In order to understand why I was invited to the Masters Tournament, you need to know that I am the Chairman of the Asia-Pacific Amateur Championship which is a jointly sponsored event by the Augusta National Golf Club (ANGC), The R&A and the Asia-Pacific Golf Confederation (APGC). The winner of this event gets an invitation to the next Masters Tournament as well as a start in the Final Qualifying for the Open Championship as does the runner up. I therefore have had the privilege of working with officials from ANGC including Fred Ridley Chairman of the ANGC Championship Committee. While I have some status as a Rules official, I am not a guru who can quote chapter and verse but having hit the ball all over the place while a player, I am conversant with the common Rules of golf and if not then I had the expertise of John Hopkins, Chairman of Golf Australia, who came with me. The ANGC Masters Tournament is unique as the only one of the four majors that is held at the same course and it has to be one of the best (if not the best) manicured in the world and many would say that it is in the top five courses in the world as a layout. There is a certain mystique about the entire event and I do not intend to reveal unnecessarily any of those facts nevertheless it goes without saying that the members of ANGC are extremely proud of their event and will do anything humanly possible to improve it in whatever way possible. ANGC Members, with their famous green jackets, are all great guys, who have their designated same (for most) job each year. As an example, one member runs the lost property and sees very little golf during the week. About 30 members act as Referees and have interesting tales to tell. There are over 1100 volunteers from all over the USA who attend each year at their own cost to act as marshals, etc, – not that marshals are very much needed as the Patrons, as they are called, are the best behaved in the world. On my second day as a Referee, I introduced myself to a marshal (who happened to be an oil executive from Louisiana) on the 14th hole, who was over the moon as after 24 years on the 14th hole, he had just been asked to be deputy marshal of the hole. There were about 20 marshals per hole, to ensure that the event ran smoothly. One marshal on the 13th had the job of watching tee shots and signalling to other marshals where the ball was likely to finish as it is a tight driving hole. He was still seeing his psychologist for therapy to help him manage the fact that two years ago, a player hit one way left into what I would call scrub (I am certain that ANGC would call them gardens) and lost his ball. He was also frequently called upon by Patrons, to point out from where Phil Mickelson had hit that amazing shot in 2011. Similar to all major tournaments, there was a meeting of all of the Referees prior to the event. One of the tasks was to introduce yourself and reveal how many Masters Tournaments you had attended. I had attended the 1988 event as a spectator so I fudged my response as 2012 being my second Masters, but I was put in my place by Dow Finsterwald who did not bother to add them up but just said since 1957 . All Referees (and it was a who s who from around the golfing world apart from myself) were given a book containing all the minutiae of the idiosyncrasies of every hole and how to manage every conceivable situation. There was a demonstration of how to manage common Rules like relief from TIOs and I was very grateful to have Andrew Langford-Jones (the Director of Tournaments, PGA Tour Australasia, only other Aussie Referee present) as a mentor to show me the way around. Behind the scenes is enormous and I will say no more on that topic. Each Referee was allocated a particular hole per day. During the first two rounds, that meant staying on a hole from 15 minutes before the first player reached it until all players had completed it about 9 hours and 6 hours for the final two rounds. I can remember seeing Colin Phillips (the then Executive Director, Australian Golf Union) refereeing the left of the 11th green near the water and thinking how lonely he would have been. I was allocated the drive on the 13th (with 2 others and we took turns of being either left or right) on the first day, the 14th hole on day 2 on my own, the 4th green on day 3 (with Andy Yamanaka a character from the JPGA) and on the final day the 9th green. Referees were instructed what to wear and to remain inconspicuous. We were supplied with radios from which we were to call for assistance from Rovers should that be required, Radio discipline was extraordinary no flippant remarks, cricket scores, political jokes nothing! As luck would have it, I had no difficult Rulings upon which I needed to adjudicate I was impressed by the knowledge and politeness of the players. Let s face it, I would be polite as well if I was wanting a Ruling but from an Aussie? Phil Mickelson hit his tee shot on 14 into a concrete stanchion holding an electrical cable. I was sitting on my chair at the green and was flagged by the marshal to get down the fairway no carts were allocated for that purpose so there was a bit of a delay. Phil knew exactly what to do but wanted my OK to cover him and therefore waited until I arrived. The ball was in amongst the Patrons and marshals had cleared an appropriate region around the ball not that they were necessary as the Patrons knew full well what to do. I spent a lot of time talking to the marshals on the 14th where I was treated well above my station. They fetched me drinks whenever I needed them it was very hot, food from the enormous tented villages at unbelievably cheap prices but there was one thing they could not do for me but I am certain that if I had asked they would have tried their best. Unless you have been to Augusta, you cannot appreciate the layout of the course as TV hides the slopes to a great extent. In any event, TV audiences rarely see the front five holes. I was on the 4th green on day 3 and that was a great experience as the pin was situated far right on a little plateau. It was playing about 190 metres with a huge penalty for missing right I don t think anyone did, and only about three players hit it anywhere near the pin (Tiger hit it to 1 metre). Henrik Stenson, like most others, had hit his tee shot near the plateau but the ball rolled left down the huge slope so he was left with at least 35 metres. His putt would still be going had it not hit the hole and gone in he walked past me saying it was an easy birdie but he knew full well that had it not hit the hole, his next shot was with a pitching wedge from about 30 metres away. My only uncomfortable potential situation arose on the final day with the final pairing. Phil Mickelson had hit his second shot onto the front of the green and the ball had rolled partway down the fairway where it somehow had come to rest. I was extremely worried that when Phil addressed the ball, it would move and I would have had to become uninconspicuous. Fortunately nothing happened so I can truthfully say that I did not stuff up. Driving down Magnolia Lane each day and being treated like royalty was an experience in itself and added to that, having the front seat to one of the iconic sporting events in the world, was truly memorable. The Rules sticker on my car meant that on the first day after a late finish, I drove back down Magnolia Lane to the intersection with Washington Freeway (5 lanes each way all on the wrong side of course and I had to turn left). No problem as a truck load of policemen saw my sticker, held up both sides of the freeway, while yours truly was escorted across into my correct lane. For anyone who gets the rare opportunity to attend the Masters Tournament, do so as it would be impossible to not enjoy it. Associate Professor David Cherry has had and continues an illustrious involvement in golf as an amateur player and as a long-serving administrator. Highlights include: Member of South Australian Interstate team 17 times; Captain/Manager of Australian team to Papua-New Guinea; Royal Adelaide GC Champion 12 times; SA State Champion 1976 & 1978; SA Golf Association President 1994-98; Australian Golf Union President 1998; Vice President of the Asia Pacific Golf Confederation 8 years; Golf Australia Board Member 2007-11, South Australian Golf Industry Hall of Fame Member 2012.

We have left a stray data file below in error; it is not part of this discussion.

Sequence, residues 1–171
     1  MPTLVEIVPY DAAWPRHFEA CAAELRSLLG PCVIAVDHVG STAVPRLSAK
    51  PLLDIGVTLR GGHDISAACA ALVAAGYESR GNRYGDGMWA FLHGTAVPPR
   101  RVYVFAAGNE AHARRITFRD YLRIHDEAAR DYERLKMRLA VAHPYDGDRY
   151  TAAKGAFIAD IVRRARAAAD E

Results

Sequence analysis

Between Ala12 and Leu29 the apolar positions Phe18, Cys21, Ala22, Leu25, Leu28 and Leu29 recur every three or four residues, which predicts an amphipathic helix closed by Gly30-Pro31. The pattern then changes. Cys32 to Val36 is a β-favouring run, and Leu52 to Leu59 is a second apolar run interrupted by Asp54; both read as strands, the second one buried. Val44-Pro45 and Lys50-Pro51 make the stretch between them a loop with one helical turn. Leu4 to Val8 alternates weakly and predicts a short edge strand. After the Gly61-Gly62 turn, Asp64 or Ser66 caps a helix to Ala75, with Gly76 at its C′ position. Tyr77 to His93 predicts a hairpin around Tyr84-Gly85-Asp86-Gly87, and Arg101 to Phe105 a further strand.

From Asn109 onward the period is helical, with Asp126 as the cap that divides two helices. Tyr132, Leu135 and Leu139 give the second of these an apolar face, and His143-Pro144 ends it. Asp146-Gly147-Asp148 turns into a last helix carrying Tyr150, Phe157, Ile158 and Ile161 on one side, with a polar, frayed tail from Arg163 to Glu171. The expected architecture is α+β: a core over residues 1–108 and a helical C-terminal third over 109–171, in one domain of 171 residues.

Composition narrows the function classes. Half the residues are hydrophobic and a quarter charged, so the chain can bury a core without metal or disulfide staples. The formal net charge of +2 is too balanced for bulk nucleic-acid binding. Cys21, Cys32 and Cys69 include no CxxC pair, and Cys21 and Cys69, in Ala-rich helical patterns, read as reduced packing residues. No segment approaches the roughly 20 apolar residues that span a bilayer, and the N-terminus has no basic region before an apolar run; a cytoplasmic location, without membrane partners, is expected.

Author: David Cherry